The Late Druk Gyalpo Jigme Dorji Wangchuck said that the goal of development is to make “the people prosperous and happy.” The importance of “ prosperity and happiness” was highlighted in his address on the occasion of Bhutan’s admission to the United Nations in 1971. This vision was elaborated by the Fourth Druk Gyalpo Jigme Singye Wangchuck who declared in the first years of his reign that, “ Our country’s policy is to consolidate our sovereignty to achieve economic self-reliance, prosperity and happiness for our country and people.” His Majesty’s subsequent pronouncement that “Gross National Happiness is more important that Gross National Product” has captured the imagination of scholars and policy makers across the world.
Gross National Happiness is anchored on the premise that the rich are not always happy. While conventional development models stress economic growth as the ultimate objective, GNH is based on the premise that true development of human society takes place when material and spiritual development occur side by side to compliment and reinforce each other.
Gross National Happiness comprises four pillars: economic self-reliance, environmental preservation, cultural promotion, and good governance which are interwoven, complementary, and consistent. These pillars embody national and local values, aesthetics, and spiritual traditions.
Guided by GNH, Bhutan has treaded the path of economic development but not at the expense of the happiness of the people. It has allowed Bhutan, for example, to both expand its network of roads and increase its forest cover. In most other developing countries the arrival of roads is inevitably followed by deforestation. The high value low volume tourism policy has facilitated high revenue generating as well as promotion and preservation of cultural and traditional values.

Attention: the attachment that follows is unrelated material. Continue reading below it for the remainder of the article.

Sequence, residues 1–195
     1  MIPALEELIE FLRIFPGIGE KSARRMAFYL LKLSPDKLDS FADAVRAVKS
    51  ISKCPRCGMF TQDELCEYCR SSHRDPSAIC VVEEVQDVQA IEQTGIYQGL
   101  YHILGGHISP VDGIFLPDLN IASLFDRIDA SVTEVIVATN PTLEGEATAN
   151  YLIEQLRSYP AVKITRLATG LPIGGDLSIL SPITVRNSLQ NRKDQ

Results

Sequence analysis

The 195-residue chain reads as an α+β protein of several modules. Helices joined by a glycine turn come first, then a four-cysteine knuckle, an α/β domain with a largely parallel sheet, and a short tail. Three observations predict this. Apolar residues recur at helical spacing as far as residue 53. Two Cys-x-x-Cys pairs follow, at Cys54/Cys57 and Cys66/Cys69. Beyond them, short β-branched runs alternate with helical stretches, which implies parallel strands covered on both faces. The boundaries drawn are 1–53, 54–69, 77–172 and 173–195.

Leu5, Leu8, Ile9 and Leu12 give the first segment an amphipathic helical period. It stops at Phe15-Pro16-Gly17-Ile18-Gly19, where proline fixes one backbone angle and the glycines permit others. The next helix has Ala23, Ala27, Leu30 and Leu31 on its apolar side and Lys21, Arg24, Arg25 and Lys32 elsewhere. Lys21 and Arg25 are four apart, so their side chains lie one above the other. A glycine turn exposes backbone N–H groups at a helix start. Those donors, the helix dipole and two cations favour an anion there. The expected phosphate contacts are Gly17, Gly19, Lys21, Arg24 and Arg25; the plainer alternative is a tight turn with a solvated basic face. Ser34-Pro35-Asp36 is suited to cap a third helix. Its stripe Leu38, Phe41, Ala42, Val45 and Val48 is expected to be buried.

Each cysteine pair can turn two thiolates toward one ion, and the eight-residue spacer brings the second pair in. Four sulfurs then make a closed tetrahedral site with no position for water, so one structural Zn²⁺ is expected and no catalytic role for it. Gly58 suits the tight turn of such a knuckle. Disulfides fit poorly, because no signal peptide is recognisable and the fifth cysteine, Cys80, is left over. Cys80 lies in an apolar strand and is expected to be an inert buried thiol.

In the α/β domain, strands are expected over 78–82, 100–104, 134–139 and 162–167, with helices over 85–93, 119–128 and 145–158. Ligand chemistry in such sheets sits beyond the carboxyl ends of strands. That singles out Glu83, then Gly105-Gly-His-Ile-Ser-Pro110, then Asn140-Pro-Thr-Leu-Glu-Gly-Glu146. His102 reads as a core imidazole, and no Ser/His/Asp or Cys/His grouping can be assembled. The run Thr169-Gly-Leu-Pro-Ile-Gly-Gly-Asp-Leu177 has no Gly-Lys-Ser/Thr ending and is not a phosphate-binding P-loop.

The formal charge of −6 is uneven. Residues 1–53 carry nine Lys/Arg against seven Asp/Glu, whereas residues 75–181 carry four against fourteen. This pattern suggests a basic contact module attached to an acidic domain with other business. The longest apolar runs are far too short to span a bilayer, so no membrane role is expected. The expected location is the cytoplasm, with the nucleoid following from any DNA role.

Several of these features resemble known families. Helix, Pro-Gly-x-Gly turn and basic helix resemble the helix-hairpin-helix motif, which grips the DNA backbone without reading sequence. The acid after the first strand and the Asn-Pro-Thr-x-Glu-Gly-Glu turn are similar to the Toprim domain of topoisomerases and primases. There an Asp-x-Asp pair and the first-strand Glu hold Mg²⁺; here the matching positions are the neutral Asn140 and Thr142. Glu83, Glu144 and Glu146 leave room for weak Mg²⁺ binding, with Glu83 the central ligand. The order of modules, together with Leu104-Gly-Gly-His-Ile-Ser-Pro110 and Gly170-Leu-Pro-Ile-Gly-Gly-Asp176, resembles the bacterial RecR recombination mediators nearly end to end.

This development philosophy embraces the Middle Path. In the age of globalization, Bhutan’s spiritual, cultural and traditional values continue to influence the lives of its people. The government strives to enhance self-reliance and reduce the gap between the rich and the poor. Intensive efforts have been made to ensure good governance as it is the main basis of progress and happiness.
This article is the 4th article in this series of 9 articles titled “Paeans to the King”.
Reprinted from “Paeans to the King”, a free complimentary advertisement booklet with the 11th November 2007 issue of the Bhutan Times.